Whirling weather patterns stabilise catches
  |  First Published: November 2013

This is why we love Queensland! If it’s not the muggy humid days we experience on a weekly basis, it’s speedy and frightening storms we seek refuge from that makes our state one of the most interesting places to live in as an angler. But with this kaleidoscope of weather patterns comes positivity on the fishing front, especially around the northern bay.

Estuaries are showing great form with good flathead and bream numbers in the upper reaches of all our creeks. The occasional rainy day pushes bait and their predators to the mouths and creek entrances rewarding anglers who have their finger on the pulse.

The spike in temperatures has also brought out everyone’s friend (or foe) the prized mangrove jack with anglers wising up to their ways and producing good catches in noted hotspots.

Summer whiting have definitely made their presence known with numbers fluctuating as regularly as Aussie cricket team scores, but anglers have been more than proud of what they can score in a session.

Estuary cod have been the surprise of late. This noted warmer weather roamer surprised anglers with appearances in unfamiliar places leaving fishers gobsmacked at their presence.

Let’s see what has been going on around our northern bay.

Brisbane River

Night stalkers have been rewarded with decent mulloway and king threadfin salmon coming out of the deeper expanses of the river closer towards the mouth.

Larger plastics and vibration baits are fashioning the way this summer. Z-Man StreakZ and SwimmerZ, Atomic Plazo Jerk Minnows and Shads Lures Flicktails are certainly the pick of the plastics and for the lure minded amongst us Atomic Semi Hard Vibes, Shads Jew Candys and Jackall Mask Vibes have yielded good returns.

If chasing flathead and bream in the river it’s hard to go past the reclaimed rock wall on the western and northern sides and the middle sunken wall on the high tides. Ensure you are there for the top of the tide as fish flood up to these areas to feed.

Redcliffe Peninsula

Redcliffe Peninsula has been the standout this month with anglers braving southeast winds and producing good catches in the early and last of the daylight hours. After a good winter on the snapper front, the odd table-sized juvenile snapper has still been caught with fishos encountering good-sized bream and tailor at the same time.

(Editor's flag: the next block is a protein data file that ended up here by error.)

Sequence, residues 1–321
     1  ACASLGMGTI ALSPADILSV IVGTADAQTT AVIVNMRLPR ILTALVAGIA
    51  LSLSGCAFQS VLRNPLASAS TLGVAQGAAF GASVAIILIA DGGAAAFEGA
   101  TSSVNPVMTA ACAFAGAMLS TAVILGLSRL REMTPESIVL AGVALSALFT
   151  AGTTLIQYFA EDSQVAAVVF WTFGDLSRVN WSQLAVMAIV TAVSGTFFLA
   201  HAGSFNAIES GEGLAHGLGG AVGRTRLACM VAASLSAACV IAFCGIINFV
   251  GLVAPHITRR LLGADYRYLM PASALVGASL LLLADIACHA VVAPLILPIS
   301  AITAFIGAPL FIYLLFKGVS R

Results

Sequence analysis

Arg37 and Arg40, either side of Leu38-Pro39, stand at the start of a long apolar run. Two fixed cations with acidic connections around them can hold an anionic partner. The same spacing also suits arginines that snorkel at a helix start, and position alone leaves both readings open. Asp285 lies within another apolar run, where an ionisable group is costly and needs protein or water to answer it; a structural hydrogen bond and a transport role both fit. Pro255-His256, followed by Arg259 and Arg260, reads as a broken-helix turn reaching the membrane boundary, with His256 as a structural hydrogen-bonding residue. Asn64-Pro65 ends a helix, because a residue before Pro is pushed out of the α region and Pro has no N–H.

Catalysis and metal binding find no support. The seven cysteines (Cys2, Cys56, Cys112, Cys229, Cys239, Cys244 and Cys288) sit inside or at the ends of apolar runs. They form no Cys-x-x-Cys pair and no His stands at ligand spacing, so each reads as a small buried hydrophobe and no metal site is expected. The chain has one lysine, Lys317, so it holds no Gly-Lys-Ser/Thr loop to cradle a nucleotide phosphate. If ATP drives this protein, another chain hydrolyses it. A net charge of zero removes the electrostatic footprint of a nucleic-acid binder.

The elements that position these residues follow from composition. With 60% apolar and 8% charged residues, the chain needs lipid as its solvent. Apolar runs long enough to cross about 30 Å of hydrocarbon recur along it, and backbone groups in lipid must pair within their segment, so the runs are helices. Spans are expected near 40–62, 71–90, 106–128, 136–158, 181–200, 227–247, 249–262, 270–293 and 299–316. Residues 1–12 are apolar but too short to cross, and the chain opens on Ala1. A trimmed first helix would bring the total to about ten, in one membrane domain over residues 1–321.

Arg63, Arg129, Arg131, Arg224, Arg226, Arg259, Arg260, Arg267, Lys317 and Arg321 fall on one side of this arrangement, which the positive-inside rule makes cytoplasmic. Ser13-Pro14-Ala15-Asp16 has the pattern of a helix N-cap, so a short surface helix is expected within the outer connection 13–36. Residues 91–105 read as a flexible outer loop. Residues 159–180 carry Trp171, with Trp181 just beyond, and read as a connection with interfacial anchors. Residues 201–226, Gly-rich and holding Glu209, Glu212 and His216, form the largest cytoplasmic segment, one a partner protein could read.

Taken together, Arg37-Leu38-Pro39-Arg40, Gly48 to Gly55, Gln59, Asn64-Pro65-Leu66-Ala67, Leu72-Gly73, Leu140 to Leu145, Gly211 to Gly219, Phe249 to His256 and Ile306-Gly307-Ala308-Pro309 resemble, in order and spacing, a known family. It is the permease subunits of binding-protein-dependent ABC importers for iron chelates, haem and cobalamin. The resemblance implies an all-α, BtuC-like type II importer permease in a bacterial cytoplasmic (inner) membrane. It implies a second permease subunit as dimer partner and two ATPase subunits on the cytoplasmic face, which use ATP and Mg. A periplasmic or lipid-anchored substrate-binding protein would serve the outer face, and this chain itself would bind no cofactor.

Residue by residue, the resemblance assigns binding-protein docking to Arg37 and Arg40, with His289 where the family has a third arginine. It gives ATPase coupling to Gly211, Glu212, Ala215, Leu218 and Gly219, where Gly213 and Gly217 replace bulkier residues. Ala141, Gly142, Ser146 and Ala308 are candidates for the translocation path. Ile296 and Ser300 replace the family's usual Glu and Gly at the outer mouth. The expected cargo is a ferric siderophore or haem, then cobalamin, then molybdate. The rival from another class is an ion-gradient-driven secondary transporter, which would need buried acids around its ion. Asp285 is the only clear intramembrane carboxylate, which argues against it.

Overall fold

Bream numbers have patchy of late with the disappearance of bait schools but numbers have been found towards the southern end of the peninsula around Woody Point and Clontarf.

Also down that end of the Peninsula locals have been getting amongst the summer whiting at Suttons Beach with bloodworms being the pick of the baits.

As water temps are on the rise, the presence of weed has diminished slowly bringing the flathead out of the creeks and rivers into the Peninsula seeking variety in their feeding prey. Hotspots for flathead have been the mouth of Newport Waterways, Queens Beach, the Wells under the northern end of the Ted Smout Bridge and the mouth of the Pine River under the Houghton Highway.

Mullet strips and pilchard halves have worked well for the baitos. For the lure fanatics, the normal bream lures and shad style lures have been working a treat.

Pumicestone Passage

The Pumicestone Passage has been the place to be for whiting as anglers finding the bottom end of the island quite fruitful. Red Beach, Buckleys Hole and Skirmish Point are the choice of the locals with bloodworms again doing the damage; bait and tackle shops are finding it hard to keep up with demand.

Bream numbers have been quiet of late in the passage but as the weather warms up the bream should be on the move to the upper reaches.

Flathead quantities have been rising also in the passage with the popular spots being Turners Creek Road and White Patch to name a few.

Looking ahead

While these muggy days are becoming more frequent, so are the late afternoon storms. As people are ducking for cover on land to avoid lightning and even hail, be sure to stay safe if you happen to get caught out on the water. Seek refuge where possible and try to avoid fishing, as your favourite fishing rod can become your least favourite lightning rod!

With this safety warning comes a lighter side though. During this period of pre and post storm activity, anglers can experience the most electric (pardon the pun) and exciting fishing ever. This is usually due to a spike in barometric pressure just before a storm arrives, which fires fish into a feeding fenzy before the heavens open up. Elements of this barometric spike remain after the rains, keeping the fishing at its premium for a good 30-40 minutes. So next time you are caught in a storm don’t just get ready to keep dry, get ready for some great fishing.

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